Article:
Just a few weeks ago, a State of the Union call for immigration reform would have seemed an exercise in futility. But now, President Obama, who Tuesday night will urge the House to pass new legislation, might have at least an outside chance of getting what he wants.
Immigration reform is back. Left for dead countless times in recent months, the effort to overhaul the nation's immigration system -- and deal with the estimated 12 million immigrants now in the country illegally -- is again on the priority list for Speaker John Boehner and House GOP lawmakers.
But there's a problem, and it's the same problem that always snags immigration talks: How to structure a system that will both beef up the nation's border security and legalize those here illegally.
Many Republicans who might be open to some sort of reform will not accept legalization until security measures are not only passed but in place and working. Many Democrats will not accept anything less than immediate legalization. They will accept heightened security measures, but not as a condition for legalization.
It's a seemingly intractable dilemma that some House Republicans believe they can resolve with a series of provisions to enact security measures at essentially the same time as legalization, with requirements that specific security benchmarks be met at agreed-upon intervals after passage. "We're looking for a happy medium where they both [security and legalization] have to move along together in a way for both sides to get what they want," said a House GOP aide closely involved in the issue.
Pro-legalization Republicans talk of devising a schedule in which illegal immigrants would be required to come forward and register, and perhaps accept some sort of probation, as the first step of the legalization process. At the same time, new security measures would be undertaken. But that is effectively instant legalization — precisely what many Republicans will not accept. Asked what would happen if the GOP demanded that legalization be in place before anything else, the aide's reply was short and simple: "I don't think you can do that."
It's the same issue that bedeviled the Senate in its consideration of the Gang of Eight bill. In the end, Senate Republicans voted against that legislation by a better than two-to-one margin — although the total of 14 Republican "yes" votes was more than enough for passage when combined with the Senate's 54 Democrats, who voted for the bill unanimously.
Boehner has long ago declared the Gang bill dead on arrival in the House, and a bipartisan House effort to come up with its own comprehensive bill failed as well. But now, Boehner promises the GOP will soon produce a set of "principles," a one-page list of immigration reform goals on which most Republicans agree.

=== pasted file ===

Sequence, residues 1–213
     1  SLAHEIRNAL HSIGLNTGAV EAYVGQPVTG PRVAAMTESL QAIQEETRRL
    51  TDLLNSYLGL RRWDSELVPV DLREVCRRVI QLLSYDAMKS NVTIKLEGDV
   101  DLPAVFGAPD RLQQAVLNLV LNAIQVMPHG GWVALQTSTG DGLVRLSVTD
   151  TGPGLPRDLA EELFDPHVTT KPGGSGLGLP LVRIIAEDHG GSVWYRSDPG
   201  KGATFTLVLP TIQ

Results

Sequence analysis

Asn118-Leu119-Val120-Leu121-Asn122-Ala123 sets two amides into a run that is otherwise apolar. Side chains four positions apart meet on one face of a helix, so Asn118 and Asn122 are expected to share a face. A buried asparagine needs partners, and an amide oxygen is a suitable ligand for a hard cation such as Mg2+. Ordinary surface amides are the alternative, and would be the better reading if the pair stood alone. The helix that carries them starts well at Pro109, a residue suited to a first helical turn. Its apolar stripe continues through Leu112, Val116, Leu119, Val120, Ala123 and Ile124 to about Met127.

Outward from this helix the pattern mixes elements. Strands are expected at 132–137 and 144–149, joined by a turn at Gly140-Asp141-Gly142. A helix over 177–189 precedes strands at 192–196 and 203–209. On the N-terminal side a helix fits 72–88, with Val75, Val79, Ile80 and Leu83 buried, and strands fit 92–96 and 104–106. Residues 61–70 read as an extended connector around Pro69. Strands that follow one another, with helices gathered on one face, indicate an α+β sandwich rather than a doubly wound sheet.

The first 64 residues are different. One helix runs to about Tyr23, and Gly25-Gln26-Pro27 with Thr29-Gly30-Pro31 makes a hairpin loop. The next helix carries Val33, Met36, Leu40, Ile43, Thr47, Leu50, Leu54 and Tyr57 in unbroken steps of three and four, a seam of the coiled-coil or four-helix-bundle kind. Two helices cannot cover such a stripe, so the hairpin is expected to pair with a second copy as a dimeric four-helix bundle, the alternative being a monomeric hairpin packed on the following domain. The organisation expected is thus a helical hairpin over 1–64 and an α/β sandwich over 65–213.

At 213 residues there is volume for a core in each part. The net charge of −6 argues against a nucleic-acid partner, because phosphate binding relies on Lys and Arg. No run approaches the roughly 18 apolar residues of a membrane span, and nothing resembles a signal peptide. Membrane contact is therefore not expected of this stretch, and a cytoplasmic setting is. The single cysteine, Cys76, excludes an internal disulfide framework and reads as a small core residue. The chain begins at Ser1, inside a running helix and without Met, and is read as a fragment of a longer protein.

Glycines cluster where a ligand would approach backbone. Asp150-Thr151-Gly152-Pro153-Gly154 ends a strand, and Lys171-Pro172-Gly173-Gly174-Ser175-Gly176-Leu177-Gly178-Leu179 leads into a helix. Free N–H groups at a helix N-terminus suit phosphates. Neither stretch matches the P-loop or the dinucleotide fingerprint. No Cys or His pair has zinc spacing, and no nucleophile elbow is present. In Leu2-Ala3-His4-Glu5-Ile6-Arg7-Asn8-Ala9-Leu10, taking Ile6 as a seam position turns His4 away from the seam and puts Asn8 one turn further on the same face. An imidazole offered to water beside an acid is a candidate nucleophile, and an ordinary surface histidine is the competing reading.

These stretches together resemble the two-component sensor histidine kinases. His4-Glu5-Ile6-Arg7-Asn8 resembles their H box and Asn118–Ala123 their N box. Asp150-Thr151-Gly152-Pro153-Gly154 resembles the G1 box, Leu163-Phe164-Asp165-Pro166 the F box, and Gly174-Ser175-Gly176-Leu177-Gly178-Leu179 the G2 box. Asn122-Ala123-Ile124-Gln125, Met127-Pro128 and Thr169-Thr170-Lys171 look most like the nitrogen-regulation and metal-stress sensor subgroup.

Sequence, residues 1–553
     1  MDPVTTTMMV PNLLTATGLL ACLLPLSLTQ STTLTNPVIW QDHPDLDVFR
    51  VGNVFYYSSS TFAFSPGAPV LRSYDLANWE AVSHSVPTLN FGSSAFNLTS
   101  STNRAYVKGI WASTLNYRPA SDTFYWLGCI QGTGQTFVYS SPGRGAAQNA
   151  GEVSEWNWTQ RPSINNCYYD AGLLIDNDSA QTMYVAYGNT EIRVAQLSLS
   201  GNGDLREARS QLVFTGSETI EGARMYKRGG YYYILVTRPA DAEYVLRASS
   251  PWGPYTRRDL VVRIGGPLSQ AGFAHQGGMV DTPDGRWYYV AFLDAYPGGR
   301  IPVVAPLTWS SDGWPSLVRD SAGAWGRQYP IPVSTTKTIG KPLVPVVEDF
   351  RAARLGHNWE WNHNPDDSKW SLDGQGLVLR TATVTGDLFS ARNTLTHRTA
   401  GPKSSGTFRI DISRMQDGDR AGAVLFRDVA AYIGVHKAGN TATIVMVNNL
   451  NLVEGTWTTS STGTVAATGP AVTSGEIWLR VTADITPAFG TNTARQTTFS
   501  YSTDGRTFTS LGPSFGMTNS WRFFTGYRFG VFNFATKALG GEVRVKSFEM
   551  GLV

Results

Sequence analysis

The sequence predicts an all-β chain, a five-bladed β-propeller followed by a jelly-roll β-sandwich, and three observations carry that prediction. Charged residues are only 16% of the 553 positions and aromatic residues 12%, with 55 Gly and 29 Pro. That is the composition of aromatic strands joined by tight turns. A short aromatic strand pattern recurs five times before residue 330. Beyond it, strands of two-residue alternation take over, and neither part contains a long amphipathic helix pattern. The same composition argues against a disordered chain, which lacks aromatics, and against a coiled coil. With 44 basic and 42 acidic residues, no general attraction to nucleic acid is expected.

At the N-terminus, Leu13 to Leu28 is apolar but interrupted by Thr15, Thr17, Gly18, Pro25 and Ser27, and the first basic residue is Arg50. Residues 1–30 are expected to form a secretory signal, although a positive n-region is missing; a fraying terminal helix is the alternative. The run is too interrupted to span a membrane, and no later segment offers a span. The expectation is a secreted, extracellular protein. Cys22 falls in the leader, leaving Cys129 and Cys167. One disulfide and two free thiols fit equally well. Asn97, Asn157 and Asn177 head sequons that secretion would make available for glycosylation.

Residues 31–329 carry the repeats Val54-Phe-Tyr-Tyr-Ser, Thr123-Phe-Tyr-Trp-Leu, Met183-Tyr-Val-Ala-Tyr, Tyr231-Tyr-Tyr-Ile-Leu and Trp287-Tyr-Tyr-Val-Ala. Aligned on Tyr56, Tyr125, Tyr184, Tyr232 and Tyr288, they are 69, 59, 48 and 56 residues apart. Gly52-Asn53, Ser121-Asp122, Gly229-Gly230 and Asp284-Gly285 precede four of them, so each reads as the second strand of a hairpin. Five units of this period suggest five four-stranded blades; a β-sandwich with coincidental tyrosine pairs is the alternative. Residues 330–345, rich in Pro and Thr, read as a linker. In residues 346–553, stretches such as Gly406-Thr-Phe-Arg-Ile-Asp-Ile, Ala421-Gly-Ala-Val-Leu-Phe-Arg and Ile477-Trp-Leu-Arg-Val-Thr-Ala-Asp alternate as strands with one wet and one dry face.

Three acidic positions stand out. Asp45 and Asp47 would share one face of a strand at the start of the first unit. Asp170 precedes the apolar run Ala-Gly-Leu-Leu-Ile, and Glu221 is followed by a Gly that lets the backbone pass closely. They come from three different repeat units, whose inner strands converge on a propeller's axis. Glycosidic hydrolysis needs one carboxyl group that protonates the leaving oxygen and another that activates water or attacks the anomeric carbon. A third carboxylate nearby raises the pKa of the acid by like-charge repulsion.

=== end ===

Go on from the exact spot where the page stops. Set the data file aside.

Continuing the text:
Boehner will present the principles to the House GOP membership at its annual retreat this weekend in Cambridge, Maryland. But insiders say the principles are nowhere near a concrete proposal. "It's not like he's saying, 'Hey, we have a plan, we're trying to get everybody to adopt it," says a well-connected GOP strategist. "It's more along the lines of, 'Here are some options, is there any consensus around them?' "
Republican rank-and-file members already know their leadership favors the full or partial legalization of currently-illegal immigrants. "The principles aren't written yet, but in my personal belief, I think it'll go with legal status that will allow [illegal immigrants] to work and pay taxes," said GOP number-three Rep. Kevin McCarthy last week.
Still, House Republicans are likely to remain deeply divided over legalization. And their divisions simply reflect larger divisions within the conservative world.
The Wall Street Journal editorial page is solidly pro-reform. National Review is solidly against it. The Weekly Standard is split, with editor William Kristol advising Republicans "don't even try" to pass reform this year, and executive editor Fred Barnes praising McCarthy's decision to support legalization as a blow against the "nativist axis" and a "brave step for his party and America."
A fight is coming. Perhaps the only people not fully engaged might be the broad majority of Americans, who don't see any urgent need for reform. In a new survey from Pew, in which voters were asked what should be the top priority for the president and Congress, immigration reform ranked 16th out of 20. In a new poll from Gallup, just three percent named immigration as the nation's most pressing issue.
After a look at those numbers, lawmakers might reasonably conclude it's time to move on to something else. But don't look for Washington to take the voters' hint.